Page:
♬ Hello Dolly, Well Hello Dolly
It’s so nice to have you back where you belong. ♬
Meet Dolly, or I should say “Hello, Dolly!” Dolly is eight weeks old and the newest member of our household. She joins her older sister, Millie, who’s two years old, and her feline sisters, Onyx (b/k/a–“better known as” in police jargon) Mama Kitty and Olivia (b/k/a Baby Kitty). Our house and hearts are now full, really full.
I found out in October that the breeder we had bought three of our four other Labs from was expecting a new litter of yellow pups at the end of December.
We got Lucy, our first Lab back in 2003. She was the first full-breed dog I’ve had since the early 1970s when I bought what I was told was a miniature collie. She was a collie, but by no stretch of the imagination was she a miniature. Otherwise, I’ve always gotten dogs by either inheriting them (prime example, Zeus on the right in this photo belonged to my oldest son) or being in the right place at the right time.
Our second and third girls “Molly and Lily” were only four months apart in age. We got them in 2011 and 20I2 and they died within several months of each other in 2020 and 2021 (Read about Molly and Lily here.)
We got our big girl Millie in April 2021 and she’s been the light of our lives ever since.
I know there are people who are very much against buying a dog from a breeder instead of adopting one, but I really, really love yellow Labs. I support our local animal shelters and if we weren’t able to get another Lab at this time, we would have adopted from a shelter. My stipulations were that she had to be a “she”, she had to be a puppy, and she had to be a girl big enough to play with Millie. We were lucky though and were able to get our Dolly.
It’s crossed my mind a time or two that the Great Hunter and I are crazy to have two large energetic dogs at our age. We’re not exactly spring chickens. Big dogs eat a lot. Big dogs poop a lot. Big dogs take up a lot of space. Big dogs (or any dog for that matter) cost a lot of money. Big dogs are harder to transport. But, you only live once right. And now we have our new Dolly. Dolly is the fifth Labrador we’ve had. Our first girl, Lucy, died from Lymphoma when she was eight years old. We lost our other two when they were ten years old. Those are fairly good ages for a large dog, but there are many who live to be much older.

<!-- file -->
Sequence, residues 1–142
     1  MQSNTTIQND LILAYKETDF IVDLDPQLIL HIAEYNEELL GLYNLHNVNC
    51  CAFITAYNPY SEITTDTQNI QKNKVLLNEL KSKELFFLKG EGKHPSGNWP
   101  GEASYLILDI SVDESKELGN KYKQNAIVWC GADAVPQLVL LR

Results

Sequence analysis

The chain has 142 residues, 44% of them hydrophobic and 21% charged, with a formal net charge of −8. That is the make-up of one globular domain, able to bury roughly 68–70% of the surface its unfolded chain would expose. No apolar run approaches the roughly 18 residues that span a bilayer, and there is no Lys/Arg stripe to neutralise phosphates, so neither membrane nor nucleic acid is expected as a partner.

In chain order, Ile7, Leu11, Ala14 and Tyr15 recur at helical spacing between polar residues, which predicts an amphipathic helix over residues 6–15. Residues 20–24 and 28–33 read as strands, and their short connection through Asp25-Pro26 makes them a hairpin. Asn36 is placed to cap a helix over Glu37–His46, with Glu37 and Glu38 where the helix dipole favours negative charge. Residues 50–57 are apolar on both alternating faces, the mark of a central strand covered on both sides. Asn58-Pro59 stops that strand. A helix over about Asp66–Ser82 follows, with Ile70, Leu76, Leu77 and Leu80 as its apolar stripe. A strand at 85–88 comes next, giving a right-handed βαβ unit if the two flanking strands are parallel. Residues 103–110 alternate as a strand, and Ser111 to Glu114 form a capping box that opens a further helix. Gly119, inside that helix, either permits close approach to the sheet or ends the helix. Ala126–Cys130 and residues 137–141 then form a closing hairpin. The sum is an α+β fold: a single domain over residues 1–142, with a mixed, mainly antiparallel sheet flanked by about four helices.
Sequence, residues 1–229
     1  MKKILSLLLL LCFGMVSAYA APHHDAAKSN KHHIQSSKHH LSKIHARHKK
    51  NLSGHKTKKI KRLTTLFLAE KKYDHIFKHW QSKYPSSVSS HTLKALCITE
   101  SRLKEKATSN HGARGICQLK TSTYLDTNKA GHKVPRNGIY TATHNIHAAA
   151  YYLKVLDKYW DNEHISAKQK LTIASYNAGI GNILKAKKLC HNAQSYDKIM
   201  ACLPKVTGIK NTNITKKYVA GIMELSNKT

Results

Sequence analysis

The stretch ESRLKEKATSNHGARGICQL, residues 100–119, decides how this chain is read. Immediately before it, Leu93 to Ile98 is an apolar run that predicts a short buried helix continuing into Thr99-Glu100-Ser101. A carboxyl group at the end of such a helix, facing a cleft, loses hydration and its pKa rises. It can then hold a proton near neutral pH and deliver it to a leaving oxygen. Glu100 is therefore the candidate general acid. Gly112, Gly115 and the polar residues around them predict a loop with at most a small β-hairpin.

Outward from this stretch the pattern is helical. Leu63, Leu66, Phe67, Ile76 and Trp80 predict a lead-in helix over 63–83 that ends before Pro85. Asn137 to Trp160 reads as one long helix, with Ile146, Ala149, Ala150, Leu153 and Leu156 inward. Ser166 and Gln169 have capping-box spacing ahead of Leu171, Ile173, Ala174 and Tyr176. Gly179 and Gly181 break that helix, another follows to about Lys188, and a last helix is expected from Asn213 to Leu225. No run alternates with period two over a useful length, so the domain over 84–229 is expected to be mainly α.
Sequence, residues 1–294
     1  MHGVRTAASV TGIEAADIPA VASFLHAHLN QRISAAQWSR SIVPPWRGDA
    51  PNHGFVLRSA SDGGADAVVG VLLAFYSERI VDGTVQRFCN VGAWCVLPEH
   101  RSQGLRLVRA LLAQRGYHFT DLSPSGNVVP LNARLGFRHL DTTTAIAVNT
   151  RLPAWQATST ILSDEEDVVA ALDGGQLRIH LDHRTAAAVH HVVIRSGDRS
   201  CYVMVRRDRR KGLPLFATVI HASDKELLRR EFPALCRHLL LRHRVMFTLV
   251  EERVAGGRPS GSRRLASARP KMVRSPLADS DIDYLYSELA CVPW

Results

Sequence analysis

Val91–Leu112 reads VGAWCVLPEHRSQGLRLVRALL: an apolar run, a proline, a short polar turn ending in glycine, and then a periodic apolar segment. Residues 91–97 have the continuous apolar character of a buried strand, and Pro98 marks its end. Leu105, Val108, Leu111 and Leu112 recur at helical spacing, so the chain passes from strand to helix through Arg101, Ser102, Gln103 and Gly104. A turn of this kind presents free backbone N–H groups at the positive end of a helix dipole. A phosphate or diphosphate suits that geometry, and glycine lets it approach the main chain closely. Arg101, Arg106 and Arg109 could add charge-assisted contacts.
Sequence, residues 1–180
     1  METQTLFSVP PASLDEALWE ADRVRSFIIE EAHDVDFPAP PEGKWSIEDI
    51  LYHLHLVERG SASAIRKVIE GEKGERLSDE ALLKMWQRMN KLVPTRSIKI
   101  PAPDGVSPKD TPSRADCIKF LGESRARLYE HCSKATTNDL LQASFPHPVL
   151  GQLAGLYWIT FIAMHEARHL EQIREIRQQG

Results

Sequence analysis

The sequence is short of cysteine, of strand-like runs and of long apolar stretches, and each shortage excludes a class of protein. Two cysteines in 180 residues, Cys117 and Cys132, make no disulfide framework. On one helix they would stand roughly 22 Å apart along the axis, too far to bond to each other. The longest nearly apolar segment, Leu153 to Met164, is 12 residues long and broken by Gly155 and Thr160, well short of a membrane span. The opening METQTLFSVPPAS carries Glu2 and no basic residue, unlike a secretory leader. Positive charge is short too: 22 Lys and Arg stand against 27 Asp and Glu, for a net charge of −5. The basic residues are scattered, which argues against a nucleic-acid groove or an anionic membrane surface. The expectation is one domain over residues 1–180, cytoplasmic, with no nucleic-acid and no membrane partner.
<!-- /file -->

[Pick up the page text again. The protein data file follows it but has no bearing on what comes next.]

That’s where the doubts creep in. If both our girls live ten years, that means that the Great Hunter will be in his late 80s and I will be in my late 70s when the girls get that old. Hmmm. How are two golden oldies going to handle two 100-pound dogs? Thankfully, we have a fenced-in backyard so daily walks aren’t necessary and I’ve already scoped out veterinarians who do house calls.
My Aunt Mable (my dad’s older sister) loved dogs. My Uncle Edgar raised hunting beagles in his backyard. He didn’t want Aunt Mable around them too much because she turned them into pets. It never worked though. There were always two or three running around in the house.
After my uncle passed away, Aunt Mable, who was in her 80s, lived alone and after she lost her last dog, she never got another one. She thought she was too old. What would happen to her dog if she died? Even though we all assured her that if she wanted to get a dog, we would be happy to love her dog if she couldn’t, she still chose not to.
So I was thinking all these things when we took the hour-long drive to pick up Dolly. The Great Hunter and I are blessedly, relatively healthy and so far neither of us has any mobility issues. The Great Hunter is 77 and still works three mornings a week and no one believes he is the age he is. Back a couple years ago, the first orthopedic surgeon he saw for his hip referred to him as being “north of seventy” and therefore not a good candidate for surgery. What did that doctor know? That statement still angers me.
I know that if anything happened and we couldn’t care for our girls, any one of our children would be willing to take them for us. We are all animal lovers and everyone has a pet or two, so I can rest easy. I tease my youngest that since he is the youngest and has the biggest house, he gets all of us when we’re old and decrepit.